Professor Lily Kong, Provost and Lee Kong Chian Chair Professor of Social Sciences at the Singapore Management University (SMU)
Student success is often defined in terms of outcomes, such as the timely completion of a college degree, and the acquisition of desired knowledge, skills and competencies. However, it is essential for institutions to bear in mind that successful outcomes are enabled by targeted processes. Studies have shown that a key factor that leads to student success is student engagement. This may be considered from two perspectives – the extent to which students invest time and effort in educationally purposeful activities; and the degree to which institutions invest resources to facilitate and encourage students to participate in activities that would lead to the desired outcomes. In this talk, I focus on what institutions can do to enhance student engagement, and share our Singapore Management University (SMU) experience of integrating our student experience purposefully with our desired outcomes, through our pedagogical framework and approaches, curriculum and co-curriculum.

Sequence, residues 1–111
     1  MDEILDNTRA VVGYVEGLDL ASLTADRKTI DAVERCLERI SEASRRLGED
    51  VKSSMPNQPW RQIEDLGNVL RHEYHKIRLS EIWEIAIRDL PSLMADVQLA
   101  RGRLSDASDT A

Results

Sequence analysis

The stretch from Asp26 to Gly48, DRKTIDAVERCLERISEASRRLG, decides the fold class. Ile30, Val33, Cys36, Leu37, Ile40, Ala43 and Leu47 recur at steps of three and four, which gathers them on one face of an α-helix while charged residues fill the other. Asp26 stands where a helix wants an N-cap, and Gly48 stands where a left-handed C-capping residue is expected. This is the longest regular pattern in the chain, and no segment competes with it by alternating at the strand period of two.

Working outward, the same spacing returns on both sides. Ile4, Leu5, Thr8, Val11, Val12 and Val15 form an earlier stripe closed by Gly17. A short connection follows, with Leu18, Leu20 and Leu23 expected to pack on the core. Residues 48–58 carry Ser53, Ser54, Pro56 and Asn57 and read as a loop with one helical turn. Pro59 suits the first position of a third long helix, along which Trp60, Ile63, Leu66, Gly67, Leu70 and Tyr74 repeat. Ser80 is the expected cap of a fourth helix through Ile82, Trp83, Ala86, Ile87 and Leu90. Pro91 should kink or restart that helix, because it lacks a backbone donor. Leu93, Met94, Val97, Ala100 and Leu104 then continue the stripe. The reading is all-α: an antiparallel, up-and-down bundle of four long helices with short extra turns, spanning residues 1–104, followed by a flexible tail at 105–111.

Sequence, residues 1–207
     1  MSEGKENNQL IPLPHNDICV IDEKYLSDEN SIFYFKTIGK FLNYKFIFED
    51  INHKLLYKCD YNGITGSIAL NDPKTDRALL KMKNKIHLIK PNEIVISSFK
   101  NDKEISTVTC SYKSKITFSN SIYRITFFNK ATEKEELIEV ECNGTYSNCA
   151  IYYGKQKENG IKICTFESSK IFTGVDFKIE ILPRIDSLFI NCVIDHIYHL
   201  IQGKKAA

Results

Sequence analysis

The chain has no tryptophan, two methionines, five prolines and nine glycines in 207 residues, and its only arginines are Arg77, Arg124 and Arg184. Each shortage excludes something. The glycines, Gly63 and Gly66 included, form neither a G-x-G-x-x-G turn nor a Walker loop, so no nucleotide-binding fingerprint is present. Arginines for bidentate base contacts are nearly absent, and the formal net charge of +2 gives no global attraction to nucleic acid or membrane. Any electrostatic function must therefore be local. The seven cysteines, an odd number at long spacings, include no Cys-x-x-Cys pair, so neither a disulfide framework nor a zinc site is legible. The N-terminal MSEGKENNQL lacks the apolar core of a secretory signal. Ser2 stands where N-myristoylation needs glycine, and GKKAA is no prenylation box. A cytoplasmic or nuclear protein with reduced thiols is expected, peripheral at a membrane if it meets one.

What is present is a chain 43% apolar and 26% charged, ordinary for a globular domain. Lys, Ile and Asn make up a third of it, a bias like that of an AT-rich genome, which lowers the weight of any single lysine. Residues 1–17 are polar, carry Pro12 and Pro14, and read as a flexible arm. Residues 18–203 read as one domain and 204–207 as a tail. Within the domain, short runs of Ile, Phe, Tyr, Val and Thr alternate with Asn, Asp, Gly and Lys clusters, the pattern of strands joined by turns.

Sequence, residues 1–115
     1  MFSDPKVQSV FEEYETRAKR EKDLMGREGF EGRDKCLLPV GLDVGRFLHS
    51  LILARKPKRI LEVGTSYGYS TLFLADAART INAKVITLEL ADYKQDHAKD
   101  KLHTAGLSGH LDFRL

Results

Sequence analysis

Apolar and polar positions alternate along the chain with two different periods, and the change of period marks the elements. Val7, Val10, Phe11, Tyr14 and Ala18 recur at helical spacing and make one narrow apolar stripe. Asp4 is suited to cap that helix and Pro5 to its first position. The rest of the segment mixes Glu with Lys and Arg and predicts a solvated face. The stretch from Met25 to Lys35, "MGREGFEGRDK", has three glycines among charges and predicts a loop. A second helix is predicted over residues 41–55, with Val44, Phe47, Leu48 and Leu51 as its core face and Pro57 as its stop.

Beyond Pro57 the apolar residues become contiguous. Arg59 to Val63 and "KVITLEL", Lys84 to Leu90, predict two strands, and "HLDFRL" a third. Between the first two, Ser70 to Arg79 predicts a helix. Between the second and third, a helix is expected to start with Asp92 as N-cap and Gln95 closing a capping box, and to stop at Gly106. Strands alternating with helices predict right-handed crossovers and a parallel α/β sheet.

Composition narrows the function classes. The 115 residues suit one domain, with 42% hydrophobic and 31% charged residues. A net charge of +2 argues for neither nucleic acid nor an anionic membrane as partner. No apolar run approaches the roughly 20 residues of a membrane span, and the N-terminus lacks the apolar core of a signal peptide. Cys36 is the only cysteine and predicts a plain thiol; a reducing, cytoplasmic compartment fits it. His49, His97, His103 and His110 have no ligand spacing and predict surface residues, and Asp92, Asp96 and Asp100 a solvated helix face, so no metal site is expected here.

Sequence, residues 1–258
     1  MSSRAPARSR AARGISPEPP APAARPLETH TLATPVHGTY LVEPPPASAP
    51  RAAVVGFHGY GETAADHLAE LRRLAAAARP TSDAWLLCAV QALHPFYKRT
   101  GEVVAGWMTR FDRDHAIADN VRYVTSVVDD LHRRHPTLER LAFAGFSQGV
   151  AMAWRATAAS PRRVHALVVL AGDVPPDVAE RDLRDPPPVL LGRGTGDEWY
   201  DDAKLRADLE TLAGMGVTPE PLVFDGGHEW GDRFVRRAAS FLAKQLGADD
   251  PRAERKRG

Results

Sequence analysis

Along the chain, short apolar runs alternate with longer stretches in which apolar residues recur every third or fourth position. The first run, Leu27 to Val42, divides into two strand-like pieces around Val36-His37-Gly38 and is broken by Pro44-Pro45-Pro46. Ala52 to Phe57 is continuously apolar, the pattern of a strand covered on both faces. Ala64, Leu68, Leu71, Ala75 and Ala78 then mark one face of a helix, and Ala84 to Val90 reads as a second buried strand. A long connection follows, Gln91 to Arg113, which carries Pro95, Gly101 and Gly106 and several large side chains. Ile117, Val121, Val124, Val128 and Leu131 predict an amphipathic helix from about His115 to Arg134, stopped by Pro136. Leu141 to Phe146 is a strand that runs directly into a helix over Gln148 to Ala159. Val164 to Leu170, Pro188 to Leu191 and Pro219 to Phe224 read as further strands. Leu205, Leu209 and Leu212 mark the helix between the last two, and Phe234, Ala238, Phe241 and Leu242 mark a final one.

Professor Lily Kong is Provost and Lee Kong Chian Chair Professor of Social Sciences at the Singapore Management University (SMU).
A graduate of the National University of Singapore (NUS) and University College London, Professor Kong was a faculty member in the NUS Department of Geography from 1991 to 2015. She took on numerous administrative positions from 1995, often concurrently, including Dean of the Faculty of Arts and Social Sciences (2000 – 2003); Dean of the University Scholars Programme (2002 – 2003); Vice Provost (Education) (2004 – 2007); Vice-President (University and Global Relations) (2007 – 2014); Acting Executive Vice President (Academic Affairs), Yale-NUS College (2011 – 2012); and Vice-Provost (Academic Personnel) (2012-2015). She was a key force in shaping and establishing Singapore’s first liberal arts college. She moved to SMU in late 2015.
Professor Kong is well-known for her research on religion, cultural policy and creative economy, urban heritage and conservation, and national identity. She remains actively engaged in research. Recent publications include “Religion and Space: Competition, Conflict and Violence in the Contemporary World” (2016), “Food, Foodways and Foodscapes: Culture, Community and Consumption in Post-Colonial Singapore” (2015) and “Arts, Culture and the Making of Global Cities: Creating New Urban Landscapes in Asia” (2015).